Nature’s Greatest Magic Trick – Aka Urban Composting 101
Photo credit: Vero Photoart Unsplash
A 5 minute read –
What is Composting?
Say what? It’s 2018! We all know what composting is! Don’t we?
It might seem unnecessary to define, but when I was living in Jersey City I met several people who had never heard of composting. It’s time to remedy that now!
Composting is the cycle of life and death.
A plant grows from fertile soil, it flowers, the seeds are spread on the wind to find ground elsewhere, the plant withers and dies, returning to the earth. This cycle has been happening for billions of years and it is what allows life on this exquisite jewel of a planet to flourish.
Nature is miraculous. It understands an innate intelligence, a balance that sustains all things.
In more scientific terms, microbes – or tiny organisms in the soil – eat organic matter causing it to decompose. The same process will happen to our bodies when we die. It is the beautiful fate of all life to return to the earth from which it came.
It really is nature’s magic trick of regeneration and renewal.
Composting and Landfills
Many household items can be composted to reduce waste going to landfills. When food scraps are composted it results in a vitamin rich, fertilized soil. Gardeners even call it “black gold” because it is so valuable to their agricultural practices.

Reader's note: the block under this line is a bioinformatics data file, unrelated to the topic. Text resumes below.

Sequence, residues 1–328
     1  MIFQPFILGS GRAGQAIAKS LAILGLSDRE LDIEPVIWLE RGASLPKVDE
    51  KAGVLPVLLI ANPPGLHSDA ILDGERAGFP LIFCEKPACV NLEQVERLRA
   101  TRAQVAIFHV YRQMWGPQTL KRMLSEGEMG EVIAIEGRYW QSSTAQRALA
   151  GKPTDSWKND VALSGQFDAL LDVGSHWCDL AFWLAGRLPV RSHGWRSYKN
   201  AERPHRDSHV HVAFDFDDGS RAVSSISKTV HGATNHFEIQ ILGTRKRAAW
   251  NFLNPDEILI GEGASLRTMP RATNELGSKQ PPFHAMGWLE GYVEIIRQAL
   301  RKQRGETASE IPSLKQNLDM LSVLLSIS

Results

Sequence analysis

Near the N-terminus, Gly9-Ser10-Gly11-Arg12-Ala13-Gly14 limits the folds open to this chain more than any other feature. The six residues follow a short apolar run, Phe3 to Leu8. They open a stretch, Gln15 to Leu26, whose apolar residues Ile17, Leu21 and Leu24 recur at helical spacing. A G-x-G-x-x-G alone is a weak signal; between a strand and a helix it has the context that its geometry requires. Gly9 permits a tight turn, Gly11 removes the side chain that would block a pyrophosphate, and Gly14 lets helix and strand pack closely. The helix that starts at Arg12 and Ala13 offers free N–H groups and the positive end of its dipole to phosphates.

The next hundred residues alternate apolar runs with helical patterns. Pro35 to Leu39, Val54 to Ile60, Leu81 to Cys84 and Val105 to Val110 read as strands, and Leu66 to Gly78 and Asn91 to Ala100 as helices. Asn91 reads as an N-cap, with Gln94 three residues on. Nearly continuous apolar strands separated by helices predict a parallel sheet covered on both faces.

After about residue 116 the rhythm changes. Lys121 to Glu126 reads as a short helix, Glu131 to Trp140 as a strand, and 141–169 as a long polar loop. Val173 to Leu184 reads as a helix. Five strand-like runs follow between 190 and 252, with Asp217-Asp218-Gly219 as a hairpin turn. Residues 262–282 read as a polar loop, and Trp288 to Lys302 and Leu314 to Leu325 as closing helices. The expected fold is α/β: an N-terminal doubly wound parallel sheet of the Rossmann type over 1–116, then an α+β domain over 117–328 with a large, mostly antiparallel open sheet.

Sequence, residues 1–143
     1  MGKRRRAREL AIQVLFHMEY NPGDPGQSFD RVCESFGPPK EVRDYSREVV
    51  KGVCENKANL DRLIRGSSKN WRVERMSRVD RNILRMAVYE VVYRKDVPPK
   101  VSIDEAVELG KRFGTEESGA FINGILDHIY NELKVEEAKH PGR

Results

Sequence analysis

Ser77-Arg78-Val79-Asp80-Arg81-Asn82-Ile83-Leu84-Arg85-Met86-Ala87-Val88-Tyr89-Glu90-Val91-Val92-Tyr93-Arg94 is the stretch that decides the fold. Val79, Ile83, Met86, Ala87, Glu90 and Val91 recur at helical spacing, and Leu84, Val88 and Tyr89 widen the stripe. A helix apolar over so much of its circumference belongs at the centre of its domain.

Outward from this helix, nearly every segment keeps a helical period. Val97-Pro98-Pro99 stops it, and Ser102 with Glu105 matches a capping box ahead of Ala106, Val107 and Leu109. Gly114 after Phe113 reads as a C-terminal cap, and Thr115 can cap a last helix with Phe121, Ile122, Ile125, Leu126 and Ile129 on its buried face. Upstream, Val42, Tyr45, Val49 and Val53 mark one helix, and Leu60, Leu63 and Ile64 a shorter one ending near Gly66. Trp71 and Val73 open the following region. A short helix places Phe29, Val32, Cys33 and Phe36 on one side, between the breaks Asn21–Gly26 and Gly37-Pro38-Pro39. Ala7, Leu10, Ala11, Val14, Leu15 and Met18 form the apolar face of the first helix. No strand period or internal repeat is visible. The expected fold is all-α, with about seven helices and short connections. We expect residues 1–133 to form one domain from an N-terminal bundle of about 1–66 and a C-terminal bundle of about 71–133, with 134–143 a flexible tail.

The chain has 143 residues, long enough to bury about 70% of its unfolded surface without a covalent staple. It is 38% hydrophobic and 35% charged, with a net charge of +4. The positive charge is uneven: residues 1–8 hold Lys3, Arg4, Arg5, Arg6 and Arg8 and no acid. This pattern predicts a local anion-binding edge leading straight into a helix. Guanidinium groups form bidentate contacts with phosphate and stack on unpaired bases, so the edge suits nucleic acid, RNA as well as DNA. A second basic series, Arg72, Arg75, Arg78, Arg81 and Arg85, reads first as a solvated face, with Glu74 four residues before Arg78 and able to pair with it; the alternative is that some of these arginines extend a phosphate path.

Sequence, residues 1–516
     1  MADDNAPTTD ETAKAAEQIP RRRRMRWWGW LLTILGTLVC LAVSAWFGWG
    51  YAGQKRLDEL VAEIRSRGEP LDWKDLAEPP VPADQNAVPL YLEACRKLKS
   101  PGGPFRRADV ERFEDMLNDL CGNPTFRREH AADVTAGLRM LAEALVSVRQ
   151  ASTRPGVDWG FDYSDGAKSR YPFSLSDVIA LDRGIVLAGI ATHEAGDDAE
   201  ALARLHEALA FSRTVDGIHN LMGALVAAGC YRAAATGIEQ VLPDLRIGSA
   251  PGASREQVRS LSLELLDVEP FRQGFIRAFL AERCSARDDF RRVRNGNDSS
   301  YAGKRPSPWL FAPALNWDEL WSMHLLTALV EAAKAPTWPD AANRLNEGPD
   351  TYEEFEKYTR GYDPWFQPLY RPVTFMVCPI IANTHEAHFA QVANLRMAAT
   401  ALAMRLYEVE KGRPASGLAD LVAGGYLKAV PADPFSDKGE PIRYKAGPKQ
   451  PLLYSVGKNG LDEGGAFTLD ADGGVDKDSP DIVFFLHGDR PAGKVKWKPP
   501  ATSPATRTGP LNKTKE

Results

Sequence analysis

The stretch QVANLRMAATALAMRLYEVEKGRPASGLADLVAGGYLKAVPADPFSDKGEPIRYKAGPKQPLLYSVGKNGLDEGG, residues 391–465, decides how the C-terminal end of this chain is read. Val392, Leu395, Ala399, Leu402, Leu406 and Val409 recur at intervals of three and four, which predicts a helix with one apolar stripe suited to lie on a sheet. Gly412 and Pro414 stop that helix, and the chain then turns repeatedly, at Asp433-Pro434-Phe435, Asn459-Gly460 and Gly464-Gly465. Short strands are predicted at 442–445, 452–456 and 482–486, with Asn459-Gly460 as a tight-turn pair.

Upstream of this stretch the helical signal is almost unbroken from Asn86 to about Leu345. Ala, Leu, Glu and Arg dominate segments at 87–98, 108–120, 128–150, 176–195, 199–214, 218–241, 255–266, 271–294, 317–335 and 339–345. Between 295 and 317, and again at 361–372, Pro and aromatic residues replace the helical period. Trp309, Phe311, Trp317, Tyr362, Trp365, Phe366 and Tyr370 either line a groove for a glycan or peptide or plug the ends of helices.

Unfortunately, 72% of American families don’t compost their food scraps, instead tossing them in the garbage to be sent to the landfill.
I recently had a friend innocently comment that the food would just decompose in the landfill, which made me realize how much misinformation is floating around about composting and landfills alike.
According to an article by RecycleBank landfills account for a third of all methane production in the US, right up there with cow farts! This is due to the fact that landfills are often airtight, preventing food from properly decomposing. Instead it rots emitting methane, a notorious greenhouse gas responsible in part for global warming.
So not only are food scraps rotting and polluting the environment, but their potential to be composted and turned into “black gold” and contribute to sustainable agriculture is denied. To make matters worse the fertile layer of topsoil which allows farmers to grow crops is dwindling rapidly, contributing to the pesticide craze which is sweeping the country.
We are not helping the perfectly balanced ecosystem of our planet at all! In fact, we are harming it!
What can we do?
Compost, compost compost!
How to compost in 5 easy steps:
1) Collect all food scraps from your kitchen in a receptacle
Food scraps should include all vegetable and fruit waste, paper towels, coffee grounds, and paper based tea bags. Check with your local composting facility to see if meat and dairy products can be included in this list. Many industrial composters are able to process these items. For backyard composting purposes, meat and dairy products should be avoided.
I use compostable plastic bags from BioBag as a liner to conveniently transfer the scraps to the freezer once the receptacle becomes full. This can be helpful if you create more food scraps per week than your receptacle can hold.
This also prevents odor from developing. One thing composting doesn’t have to be is smelly!